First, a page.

My original plans to fly to New Zealand changed, evolving into a trip through Europe visiting friends. Jamie still had a few more weeks off from school, so we planned a quick trip to Ireland via England. We landed in Manchester and stayed a night with one of her friends, then set off on a far-too-rushed train journey to a few locations around England. We whizzed through Stratford-upon-Avon to visit Shakespeare's birthplace and final resting place, then continued down to Salisbury to see the Stonehenge. Finally we headed through London up to Ipswich to visit friends I'd met years ago when working in Florida.
With the current exchange rate of two British Pounds for ever American Dollar, the country proved far more expensive than I'd quasi-planned. In addition, the time required to travel by train was greater than we'd expected, cutting into our time to actually enjoy the destinations. In spite of that, the whirlwind trip proved to be a lot of fun.
I flew into Sacramento and rented a car, driving up to Chico to pick up Robyn. Together we headed down to La Selva Beach to hang out with Austin for the weekend. We enjoyed hanging out for a couple brief days, hiking through Redwoods and learning to surf on the beaches south of Santa Cruz. Austin grew up in these parts, and it turns out he's a very patient, excellent teacher. The water was freezing, but our wetsuits made it tolerable. Our second night in the area Austin had to work, so Robyn and I set up a couple of tents on the beach in front of his place, enjoying a spectacular sunset and a fantastic fire-cooked meal of Tuna steak and vegetables. It all made for a very enjoyable weekend.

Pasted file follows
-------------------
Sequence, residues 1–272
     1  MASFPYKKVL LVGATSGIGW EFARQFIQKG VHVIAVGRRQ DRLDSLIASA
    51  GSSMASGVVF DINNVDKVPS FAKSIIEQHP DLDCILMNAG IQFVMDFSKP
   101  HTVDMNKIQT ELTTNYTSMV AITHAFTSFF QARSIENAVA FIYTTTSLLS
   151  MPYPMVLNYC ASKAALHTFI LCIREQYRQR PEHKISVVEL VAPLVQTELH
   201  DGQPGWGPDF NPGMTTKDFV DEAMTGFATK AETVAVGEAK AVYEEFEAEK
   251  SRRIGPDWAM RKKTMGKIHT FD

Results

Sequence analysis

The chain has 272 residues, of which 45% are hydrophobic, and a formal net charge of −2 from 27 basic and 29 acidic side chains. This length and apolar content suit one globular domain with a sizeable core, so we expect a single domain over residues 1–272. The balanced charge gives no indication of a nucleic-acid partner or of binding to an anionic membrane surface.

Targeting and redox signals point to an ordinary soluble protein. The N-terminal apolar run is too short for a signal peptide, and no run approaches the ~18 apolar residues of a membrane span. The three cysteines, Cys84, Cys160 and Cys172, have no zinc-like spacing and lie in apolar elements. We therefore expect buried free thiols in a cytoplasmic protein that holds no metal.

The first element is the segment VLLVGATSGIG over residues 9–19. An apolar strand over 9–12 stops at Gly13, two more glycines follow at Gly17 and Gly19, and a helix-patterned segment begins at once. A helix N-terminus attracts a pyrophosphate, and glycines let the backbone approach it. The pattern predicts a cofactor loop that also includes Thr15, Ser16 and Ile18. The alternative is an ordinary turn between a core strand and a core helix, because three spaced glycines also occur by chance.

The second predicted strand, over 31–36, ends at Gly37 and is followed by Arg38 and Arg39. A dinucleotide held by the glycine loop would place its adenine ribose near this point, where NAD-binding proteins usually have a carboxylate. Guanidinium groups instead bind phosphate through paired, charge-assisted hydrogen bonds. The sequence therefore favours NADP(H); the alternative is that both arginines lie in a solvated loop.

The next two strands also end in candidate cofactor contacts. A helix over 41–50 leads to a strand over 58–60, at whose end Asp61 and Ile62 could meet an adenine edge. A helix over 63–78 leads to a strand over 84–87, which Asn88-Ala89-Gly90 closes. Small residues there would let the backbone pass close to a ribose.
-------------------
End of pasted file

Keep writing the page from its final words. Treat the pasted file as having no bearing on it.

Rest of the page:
While working in San Francisco I got a call from a cousin that I was expecting but not looking forward to, telling me that my grandmother had passed away. She'd taken a quick turn for the worse in the past week or so, suffering a major stroke and fighting pneumonia and a relapse of cancer, the latter which she'd survived once already 30 years earlier. My mom was enroute from Alaska to McMinville, and I'd been planning a visit myself in a few days hoping for one last chance to say goodbye.